Author Topic: Holiday guide - museums  (Read 100444 times)

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Offline quaziright

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Re: Holiday guide - museums
« Reply #195 on: February 15, 2019, 02:57:53 PM »
Thanks, I indeed visited it and strolled through the museum too. The shop is really a desk in the corner and the guy showed me a list of available coins. Once I picked them, he simply headed to the steel cupboards and took them out for me. Far cry from the RCM boutique in Ottawa, but I was the only one there and so I felt like I got a VIP treatment. One thing to keep in mind is that only cash is accepted over there.

Offline chrisild

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Re: Holiday guide - museums
« Reply #196 on: June 11, 2019, 11:30:53 PM »
The "Goldkammer" Museum in Frankfurt

Frankfurt (Hesse, Germany) has a new museum - dedicated to gold. Its exhibition shows gold sculptures from the Bronze Age, ancient jewellery and religious objects from all over the world. But the museum also shows the Rothschild Collection of about 300 gold bars.

Here is a CoinsWeekly article (English) about the place, with some nice photos. And this is the museum website (German). For individual visitors the museum is open daily (except Mon) 11-17 h.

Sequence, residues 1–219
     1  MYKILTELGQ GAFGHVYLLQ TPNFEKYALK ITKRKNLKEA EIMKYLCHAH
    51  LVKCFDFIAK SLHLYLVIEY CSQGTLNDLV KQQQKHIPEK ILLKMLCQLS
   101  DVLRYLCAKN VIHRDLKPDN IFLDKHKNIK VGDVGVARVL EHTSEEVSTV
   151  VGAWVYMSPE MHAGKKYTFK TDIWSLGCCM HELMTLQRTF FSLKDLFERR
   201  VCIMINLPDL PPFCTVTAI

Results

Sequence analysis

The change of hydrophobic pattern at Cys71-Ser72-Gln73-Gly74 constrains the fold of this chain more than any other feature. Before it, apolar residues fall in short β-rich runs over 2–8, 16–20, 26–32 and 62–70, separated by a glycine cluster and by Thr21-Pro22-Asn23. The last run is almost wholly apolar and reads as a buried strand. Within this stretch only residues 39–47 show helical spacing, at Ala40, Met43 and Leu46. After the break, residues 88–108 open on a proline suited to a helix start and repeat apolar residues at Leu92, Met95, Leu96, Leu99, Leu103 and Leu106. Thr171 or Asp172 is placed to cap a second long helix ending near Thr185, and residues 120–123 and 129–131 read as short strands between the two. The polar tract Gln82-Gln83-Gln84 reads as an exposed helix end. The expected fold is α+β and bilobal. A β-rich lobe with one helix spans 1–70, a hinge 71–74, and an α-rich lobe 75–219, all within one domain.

Offline Figleaf

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Re: Holiday guide - museums
« Reply #197 on: July 20, 2019, 08:41:42 AM »
Nobel prize of Halldór Laxness on display in the numismatic collection in the Central Bank

Reykjavik, 13-06-2019

The exhibition will display items relating to Nobel laureate Halldór Kiljan Laxness, which have been entrusted to the Bank for conservation. Among them are the Nobel Prize diploma, the Nobel medal, and a cheque from the Nobel adjudication committee, all received by Laxness in 1955; honorary documents relating to Laxness; and several of his works. Among these is the first edition of his first novel, Child of Nature, which was published 100 years ago. A gold bar of the type held in the Bank’s gold reserves will also be on display and guests will have the chance to handle the bar of gold and guess its value. At the Central Bank and National Museum of Iceland numismatic collection, guests can see Icelandic banknotes and coin. A selection of paintings owned by the Bank will be on display in a conference room on the 1st floor.

Source: Central Bank news
An unidentified coin is a piece of metal. An identified coin is a piece of history.

Offline Pabitra

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